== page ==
The virulent Mydoom worm paralyzed the SCO Web site yesterday as analysts called it the "most damaging" malware yet.
The "distributed denial-of-service" (or DDoS) attack against SCO began early on Sunday as Mydoom-infected computers worldwide followed instructions to send messages to www.sco.com, overloading the company's Web servers. It is one of the largest DDoS attacks on record, antivirus experts said.
In a statement, SCO confirmed the attack, saying that requests sent to www.sco.com from Mydoom-infected computers were responsible for making its Web site "completely unavailable" on Sunday. The company is working on "contingency plans" to deal with the DDoS problem, but would not have more information before Monday morning, SCO said.
UK Internet security firm mi2g sees the attack as an argument for computer biodiversity, that company's executive chairman DK Matai said: "The more we study MyDoom the more clear it becomes that the perpetrator is a clever strategist combined with being a sophisticated programmer.
"MyDoom is exposing the vulnerability of the collective global digital environment to a software monoculture. Had there been biodiversity in terms of many different operating systems and associated software, the world may have been saved the calamity of MyDoom.
"There could be more malware in the near future that could push the boot further than MyDoom and cripple airline services, telecommunications and other critical infrastructure," he warned, in a plea to expand the infrastructure of the Internet to widen the number of operating systems running it.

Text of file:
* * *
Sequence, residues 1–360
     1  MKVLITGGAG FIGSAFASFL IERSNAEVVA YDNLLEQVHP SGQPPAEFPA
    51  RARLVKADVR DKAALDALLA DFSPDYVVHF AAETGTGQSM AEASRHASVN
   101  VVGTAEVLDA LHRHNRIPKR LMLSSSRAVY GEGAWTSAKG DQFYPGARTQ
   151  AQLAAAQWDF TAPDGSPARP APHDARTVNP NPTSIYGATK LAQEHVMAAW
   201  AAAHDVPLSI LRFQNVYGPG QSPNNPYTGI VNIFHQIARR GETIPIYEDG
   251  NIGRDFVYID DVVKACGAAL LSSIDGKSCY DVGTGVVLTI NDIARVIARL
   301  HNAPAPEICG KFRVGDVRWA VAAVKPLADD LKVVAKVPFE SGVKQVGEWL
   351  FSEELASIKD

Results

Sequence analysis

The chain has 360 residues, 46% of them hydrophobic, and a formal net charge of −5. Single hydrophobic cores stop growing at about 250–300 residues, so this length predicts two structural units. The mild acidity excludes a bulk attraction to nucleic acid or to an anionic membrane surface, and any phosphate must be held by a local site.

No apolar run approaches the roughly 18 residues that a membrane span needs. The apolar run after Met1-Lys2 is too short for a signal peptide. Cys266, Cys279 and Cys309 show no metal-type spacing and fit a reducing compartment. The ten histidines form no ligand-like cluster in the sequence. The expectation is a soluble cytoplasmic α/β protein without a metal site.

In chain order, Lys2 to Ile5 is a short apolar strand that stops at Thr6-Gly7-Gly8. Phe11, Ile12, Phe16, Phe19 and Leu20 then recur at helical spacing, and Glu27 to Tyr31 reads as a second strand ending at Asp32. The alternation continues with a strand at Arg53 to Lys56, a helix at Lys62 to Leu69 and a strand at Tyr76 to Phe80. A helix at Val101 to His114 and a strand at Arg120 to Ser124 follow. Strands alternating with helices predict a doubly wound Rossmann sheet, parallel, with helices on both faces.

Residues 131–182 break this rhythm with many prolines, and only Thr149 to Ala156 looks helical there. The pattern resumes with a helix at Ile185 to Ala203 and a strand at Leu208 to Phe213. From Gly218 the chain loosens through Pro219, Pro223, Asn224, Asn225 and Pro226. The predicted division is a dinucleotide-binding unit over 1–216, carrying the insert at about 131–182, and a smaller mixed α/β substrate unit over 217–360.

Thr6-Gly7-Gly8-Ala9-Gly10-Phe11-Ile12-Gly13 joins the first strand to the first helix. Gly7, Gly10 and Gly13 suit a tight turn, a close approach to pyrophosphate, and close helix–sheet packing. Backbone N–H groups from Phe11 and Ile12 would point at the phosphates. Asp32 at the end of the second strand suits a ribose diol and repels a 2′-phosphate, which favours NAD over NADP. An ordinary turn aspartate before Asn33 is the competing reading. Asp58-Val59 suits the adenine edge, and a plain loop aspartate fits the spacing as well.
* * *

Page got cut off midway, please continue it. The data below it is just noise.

SCO's Web site was already slowed last week by traffic from Mydoom machines with incorrect clocks. However, the site became totally unreachable on Saturday, when infected machines in Asia began registering the new day, said Craig Schmugar, antivirus researcher at Network Associates' (NAI) McAfee antivirus division.
The attack is caused by thousands of infected machines sending "get" requests to SCO's Web servers simultaneously. That is akin to what happens when individual users point their Web browser to www.sco.com. The large numbers of machines requesting the site simultaneously produces the attack, overwhelming SCO's Web infrastructure, Schmugar said.
Estimates of the number of machines infected by Mydoom vary widely. F-Secure of Helsinki said that as many as one million machines may have the virus. NAI puts the number at around 500,000 systems.
However, for a variety of reasons, only a fraction of the machines infected by the virus are taking part in the attack, Schmugar said.
Machines that have been turned off for the weekend cannot attack. And due to a coding error in the virus, only around one in four machines that are running and infected will launch an attack, he said.
NAI estimates that between 25,000 and 50,000 machines were involved in the attack on www.sco.com Sunday, Schmugar said.
As of Friday, SCO was speaking with customers about its contingency plans and giving them ways to stay in contact with SCO during the attack. SCO would release more information about steps it was taking to deal with the Mydoom attack "on Sunday or Monday," Stowell said.
The Mydoom virus is programmed to continue its attack on www.sco.com until February 12, 2004, F-Secure said.